Q&A with Mike Abrashoff, MDCE Closing Keynote speaker

This year's Marine Dealer Conference & Expo will once again feature a Closing Keynote to close out the conference.

In "Get Your Ship Together," Mike Abrashoff will share the leadership lessons he learned after taking command of the USS Benfold. When he took charge, morale was low and the performance of the ship ranked near the bottom of the Pacific Fleet. Within a year, the ship was the benchmark for performance.

We talked to Abrashoff about his experiences and his plans for MDCE.

Boating Industry: What can the dealers expect to learn from your talk?

Abrashoff: It takes a lot to be successful. You need to have good products to sell. You need to be technically competent at what you do, but the most important part is how you show up and gain the trust of your customers.

It's easy to do one transaction and be done. However, if you want to be around for a long time, it's about having that customer come back time and time again and more importantly, having them out there in the community recruiting other customers for you instead of counter-recruiting against you.

The way you do that? Thru leadership. By knowing how to listen to them. To gain their trust. To be seen as their solutions provider. Your shipmates on the front lines need to be engaged and need to take ownership, as well, in order to help you. You can't order them to do that but you can cultivate it and nurture it and grow it.

Boating Industry: As our closing keynote, what is your goal as you wrap up the conference?

Abrashoff: I want the attendees to leave my presentation focusing on what they can influence instead of what they can't. I didn't get to choose my missions. I didn't get to choose my crew. I had no input over my budget. It's easy to feel like you are a victim. I decided to take command and focus on what I could influence and that was my crew. At the end of the day, they were the ones who delivered the excellence.

Boating Industry: What's important for attendees to know about your background?

Abrashoff: I didn't start out life at the top rung of the economic ladder. My father made $13,000 a year. I didn't graduate at the top of my class at the Naval Academy. But I decided to treat my crew like they were the best and they never once let me down.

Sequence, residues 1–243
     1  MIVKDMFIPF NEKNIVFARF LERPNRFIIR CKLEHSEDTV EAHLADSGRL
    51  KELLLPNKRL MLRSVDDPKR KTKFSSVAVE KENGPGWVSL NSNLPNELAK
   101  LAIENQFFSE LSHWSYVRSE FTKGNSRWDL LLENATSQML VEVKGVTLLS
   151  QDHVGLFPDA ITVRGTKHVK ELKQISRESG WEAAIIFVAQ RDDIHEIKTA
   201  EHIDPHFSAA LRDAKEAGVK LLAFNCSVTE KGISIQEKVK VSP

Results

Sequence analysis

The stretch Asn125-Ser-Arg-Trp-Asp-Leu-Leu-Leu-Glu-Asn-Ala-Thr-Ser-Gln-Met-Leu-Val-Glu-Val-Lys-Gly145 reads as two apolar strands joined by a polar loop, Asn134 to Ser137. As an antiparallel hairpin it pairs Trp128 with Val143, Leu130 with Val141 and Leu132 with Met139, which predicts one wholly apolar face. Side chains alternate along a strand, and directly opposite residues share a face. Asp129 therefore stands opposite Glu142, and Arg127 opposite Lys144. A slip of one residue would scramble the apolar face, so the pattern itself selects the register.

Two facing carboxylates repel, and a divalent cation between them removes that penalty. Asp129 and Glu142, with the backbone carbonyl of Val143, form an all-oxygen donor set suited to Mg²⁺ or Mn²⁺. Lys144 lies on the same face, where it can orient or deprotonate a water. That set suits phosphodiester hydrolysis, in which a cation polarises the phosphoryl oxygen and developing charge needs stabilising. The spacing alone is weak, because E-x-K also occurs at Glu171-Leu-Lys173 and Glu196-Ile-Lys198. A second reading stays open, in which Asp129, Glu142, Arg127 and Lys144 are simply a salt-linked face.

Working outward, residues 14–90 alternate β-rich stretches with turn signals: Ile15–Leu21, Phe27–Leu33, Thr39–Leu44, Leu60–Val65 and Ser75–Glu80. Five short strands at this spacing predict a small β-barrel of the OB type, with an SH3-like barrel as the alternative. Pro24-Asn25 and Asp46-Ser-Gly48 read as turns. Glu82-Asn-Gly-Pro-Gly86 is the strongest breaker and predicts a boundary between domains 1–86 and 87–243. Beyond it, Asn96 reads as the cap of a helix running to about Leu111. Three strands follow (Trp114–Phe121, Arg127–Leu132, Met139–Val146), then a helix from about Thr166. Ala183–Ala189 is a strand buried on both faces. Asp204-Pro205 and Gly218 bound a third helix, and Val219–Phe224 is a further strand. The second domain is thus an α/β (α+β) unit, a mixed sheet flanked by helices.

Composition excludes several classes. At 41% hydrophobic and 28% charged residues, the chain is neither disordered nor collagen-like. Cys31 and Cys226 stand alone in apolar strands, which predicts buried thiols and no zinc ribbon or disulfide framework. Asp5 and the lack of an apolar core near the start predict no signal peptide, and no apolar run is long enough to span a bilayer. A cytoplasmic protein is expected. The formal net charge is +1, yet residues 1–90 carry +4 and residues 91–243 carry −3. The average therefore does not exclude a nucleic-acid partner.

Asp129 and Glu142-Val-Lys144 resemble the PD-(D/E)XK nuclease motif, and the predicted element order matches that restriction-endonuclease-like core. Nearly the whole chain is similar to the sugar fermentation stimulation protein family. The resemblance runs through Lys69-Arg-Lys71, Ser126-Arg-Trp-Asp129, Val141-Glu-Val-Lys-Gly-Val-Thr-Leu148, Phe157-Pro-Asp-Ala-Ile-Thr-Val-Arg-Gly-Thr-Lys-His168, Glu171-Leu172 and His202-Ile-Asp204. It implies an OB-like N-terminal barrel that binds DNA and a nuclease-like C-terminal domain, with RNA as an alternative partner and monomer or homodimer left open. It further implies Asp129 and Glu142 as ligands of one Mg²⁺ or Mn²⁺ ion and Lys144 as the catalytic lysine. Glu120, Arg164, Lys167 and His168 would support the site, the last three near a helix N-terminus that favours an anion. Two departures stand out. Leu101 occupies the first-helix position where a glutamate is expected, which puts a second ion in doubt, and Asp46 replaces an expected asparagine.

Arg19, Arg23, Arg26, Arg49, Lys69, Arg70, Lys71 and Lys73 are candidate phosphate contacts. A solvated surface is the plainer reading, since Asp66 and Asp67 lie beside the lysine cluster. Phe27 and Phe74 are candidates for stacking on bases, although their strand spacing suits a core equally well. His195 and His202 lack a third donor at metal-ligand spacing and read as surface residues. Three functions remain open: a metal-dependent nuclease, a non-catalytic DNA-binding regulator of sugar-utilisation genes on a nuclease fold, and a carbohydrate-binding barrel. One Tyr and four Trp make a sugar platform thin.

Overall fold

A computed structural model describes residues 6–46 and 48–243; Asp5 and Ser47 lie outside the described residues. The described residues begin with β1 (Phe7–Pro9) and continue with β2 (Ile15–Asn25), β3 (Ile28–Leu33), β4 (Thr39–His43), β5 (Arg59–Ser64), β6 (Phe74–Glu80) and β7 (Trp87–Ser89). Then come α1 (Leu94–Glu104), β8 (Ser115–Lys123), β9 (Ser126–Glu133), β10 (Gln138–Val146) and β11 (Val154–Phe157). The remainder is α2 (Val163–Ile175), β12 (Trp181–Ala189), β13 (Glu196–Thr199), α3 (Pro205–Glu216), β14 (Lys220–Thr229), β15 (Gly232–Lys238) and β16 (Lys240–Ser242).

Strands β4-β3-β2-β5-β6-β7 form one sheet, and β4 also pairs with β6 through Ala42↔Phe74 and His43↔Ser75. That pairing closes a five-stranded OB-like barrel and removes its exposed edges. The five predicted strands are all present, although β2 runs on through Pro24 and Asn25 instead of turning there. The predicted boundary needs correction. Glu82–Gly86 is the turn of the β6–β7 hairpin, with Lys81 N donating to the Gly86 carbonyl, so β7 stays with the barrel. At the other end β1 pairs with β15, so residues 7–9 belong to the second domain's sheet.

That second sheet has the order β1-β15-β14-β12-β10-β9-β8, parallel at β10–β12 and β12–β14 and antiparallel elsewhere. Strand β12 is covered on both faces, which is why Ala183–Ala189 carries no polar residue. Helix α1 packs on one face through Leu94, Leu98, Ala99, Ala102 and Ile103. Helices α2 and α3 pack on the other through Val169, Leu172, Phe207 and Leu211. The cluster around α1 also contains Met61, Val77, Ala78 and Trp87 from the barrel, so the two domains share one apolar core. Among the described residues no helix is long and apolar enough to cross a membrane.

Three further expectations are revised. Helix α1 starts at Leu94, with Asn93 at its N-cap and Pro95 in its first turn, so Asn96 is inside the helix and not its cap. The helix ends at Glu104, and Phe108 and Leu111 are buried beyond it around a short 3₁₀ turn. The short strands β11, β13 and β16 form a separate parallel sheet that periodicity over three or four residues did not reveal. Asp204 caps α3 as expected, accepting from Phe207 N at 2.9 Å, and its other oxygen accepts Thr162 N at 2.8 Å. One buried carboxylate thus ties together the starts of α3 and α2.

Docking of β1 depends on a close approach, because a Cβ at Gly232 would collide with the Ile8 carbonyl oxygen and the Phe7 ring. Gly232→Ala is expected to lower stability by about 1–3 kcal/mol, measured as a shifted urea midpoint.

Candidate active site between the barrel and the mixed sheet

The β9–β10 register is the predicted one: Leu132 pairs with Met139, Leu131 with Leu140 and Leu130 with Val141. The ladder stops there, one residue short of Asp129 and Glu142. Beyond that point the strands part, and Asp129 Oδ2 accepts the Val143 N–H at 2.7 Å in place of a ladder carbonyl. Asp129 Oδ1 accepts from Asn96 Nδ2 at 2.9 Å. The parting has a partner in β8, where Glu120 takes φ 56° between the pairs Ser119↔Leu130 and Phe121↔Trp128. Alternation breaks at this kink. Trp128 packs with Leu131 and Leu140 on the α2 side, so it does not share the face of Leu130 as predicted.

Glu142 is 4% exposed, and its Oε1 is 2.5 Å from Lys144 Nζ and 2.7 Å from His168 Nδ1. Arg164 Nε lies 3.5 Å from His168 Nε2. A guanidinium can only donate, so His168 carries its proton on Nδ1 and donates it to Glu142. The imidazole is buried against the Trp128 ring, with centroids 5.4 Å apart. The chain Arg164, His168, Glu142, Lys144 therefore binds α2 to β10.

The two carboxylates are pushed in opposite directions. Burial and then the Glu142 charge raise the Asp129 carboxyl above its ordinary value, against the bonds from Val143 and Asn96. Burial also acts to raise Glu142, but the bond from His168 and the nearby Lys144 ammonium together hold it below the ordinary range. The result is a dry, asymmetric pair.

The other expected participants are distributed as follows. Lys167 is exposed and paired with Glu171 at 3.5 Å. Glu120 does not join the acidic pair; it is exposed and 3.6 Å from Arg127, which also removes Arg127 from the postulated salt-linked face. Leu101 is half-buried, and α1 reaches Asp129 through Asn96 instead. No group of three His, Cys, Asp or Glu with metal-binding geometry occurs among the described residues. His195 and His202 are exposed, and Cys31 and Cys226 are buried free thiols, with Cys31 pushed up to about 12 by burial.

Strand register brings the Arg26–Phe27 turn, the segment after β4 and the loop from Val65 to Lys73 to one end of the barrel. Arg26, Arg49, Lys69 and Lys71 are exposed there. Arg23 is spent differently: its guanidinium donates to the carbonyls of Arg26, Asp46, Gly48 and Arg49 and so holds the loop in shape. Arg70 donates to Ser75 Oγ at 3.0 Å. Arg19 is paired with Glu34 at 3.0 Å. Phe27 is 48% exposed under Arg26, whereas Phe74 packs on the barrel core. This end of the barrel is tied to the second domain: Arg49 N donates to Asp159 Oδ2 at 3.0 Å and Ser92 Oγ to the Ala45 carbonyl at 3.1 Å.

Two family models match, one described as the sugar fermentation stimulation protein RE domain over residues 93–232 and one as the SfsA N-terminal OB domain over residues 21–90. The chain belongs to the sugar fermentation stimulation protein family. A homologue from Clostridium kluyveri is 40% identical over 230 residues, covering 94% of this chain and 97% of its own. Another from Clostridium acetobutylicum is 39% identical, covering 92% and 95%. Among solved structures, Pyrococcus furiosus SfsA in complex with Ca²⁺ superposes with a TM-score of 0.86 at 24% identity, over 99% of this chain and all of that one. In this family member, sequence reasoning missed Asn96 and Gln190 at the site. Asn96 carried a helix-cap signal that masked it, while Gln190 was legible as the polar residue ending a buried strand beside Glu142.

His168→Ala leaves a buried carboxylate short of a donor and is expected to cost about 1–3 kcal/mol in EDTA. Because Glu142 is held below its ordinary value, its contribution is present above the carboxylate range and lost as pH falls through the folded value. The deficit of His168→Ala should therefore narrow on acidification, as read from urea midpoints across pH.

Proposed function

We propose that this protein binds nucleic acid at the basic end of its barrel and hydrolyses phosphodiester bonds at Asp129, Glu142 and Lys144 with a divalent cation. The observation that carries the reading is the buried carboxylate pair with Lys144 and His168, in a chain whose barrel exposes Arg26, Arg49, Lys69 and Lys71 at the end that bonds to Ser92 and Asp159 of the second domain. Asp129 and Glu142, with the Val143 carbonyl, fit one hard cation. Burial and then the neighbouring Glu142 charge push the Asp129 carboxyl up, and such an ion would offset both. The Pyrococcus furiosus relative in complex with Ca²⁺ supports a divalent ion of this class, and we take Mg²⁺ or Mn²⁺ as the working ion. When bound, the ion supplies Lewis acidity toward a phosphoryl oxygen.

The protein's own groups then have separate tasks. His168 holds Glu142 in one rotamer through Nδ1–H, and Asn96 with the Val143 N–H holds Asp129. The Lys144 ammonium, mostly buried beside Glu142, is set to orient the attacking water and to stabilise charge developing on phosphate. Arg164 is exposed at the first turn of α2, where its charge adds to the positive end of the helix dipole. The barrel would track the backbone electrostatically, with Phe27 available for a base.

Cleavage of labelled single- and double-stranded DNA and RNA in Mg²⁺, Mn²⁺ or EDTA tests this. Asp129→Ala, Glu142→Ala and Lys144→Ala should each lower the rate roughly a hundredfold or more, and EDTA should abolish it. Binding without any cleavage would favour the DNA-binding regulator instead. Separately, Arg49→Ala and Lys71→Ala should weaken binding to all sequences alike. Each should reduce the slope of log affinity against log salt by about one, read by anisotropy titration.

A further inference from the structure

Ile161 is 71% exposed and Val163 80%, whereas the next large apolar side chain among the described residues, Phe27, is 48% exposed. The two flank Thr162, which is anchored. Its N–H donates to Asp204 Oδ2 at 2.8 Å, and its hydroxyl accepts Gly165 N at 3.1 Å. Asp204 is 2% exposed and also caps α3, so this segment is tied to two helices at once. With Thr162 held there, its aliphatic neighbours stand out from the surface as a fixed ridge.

Boating Industry: How does your experience with the U.S.S. Benfold relate to what our audience is facing as business leaders?

Abrashoff: There are a lot of things we can't control. None of us can control the economy. But what we can control is making our customers feel like they are getting a great deal when they deal with us. We can be the low cost provider but that may not be the best way to thrive economically. The best way is to make our customers feel like they are valued, that they are getting a great deal by dealing with us. The only way they can do that is by enjoying the process of working with us and our people.

Boating Industry: What was your biggest lesson learned from that experience?

Abrashoff: You can't order excellence. But you can create a culture and a climate that causes your crew to take as much pride and as much ownership in your business as you have in it.

Boating Industry: You talk and write about culture and attitude. Why is that so important for a successful business?

Abrashoff: You can be the low-cost provider or you can be seen as the solution provider. Solution providers gain the trust of their customers and will thus gain a soldier for you who will recommend you to their friends and family. Solution providers can charge a premium for there services and then can save on advertising when you have satisfied customers out there doing your job for you.

Boating Industry: Based on your experience, what's the top obstacle in creating a positive culture?

Abrashoff: A lack of self-awareness. We don't take the time to understand how we are showing up to our people and to our customers. Before I could ask the crew to change, I had to change first. I had to view my ship thru the eyes of my crew. It opened up a whole new world for me.

One comment

  1. I must comment on one thing. This "leader" was a kind and fair captain on the ship I served on while he was the skipper. Sadly, his facts are skewed to an extreme level. When he left and when I left this command, the ship still suffered from blatant internal problems, cases of sexual misconduct,even racial bias and other issues that plague the military today. Enlisted surface warfare pins were practically "handed out" to its crew members, not earned, and many favors done which sidestepped procedure,regulations merely for morale and reputation reasons. It is easy to be awed with glazed eyes at one man's rendition when looking from the outside without knowing firsthand what TRULY took place. I wish him well, but there are far too many cases of fiction when fact should be told and characters should be intact.

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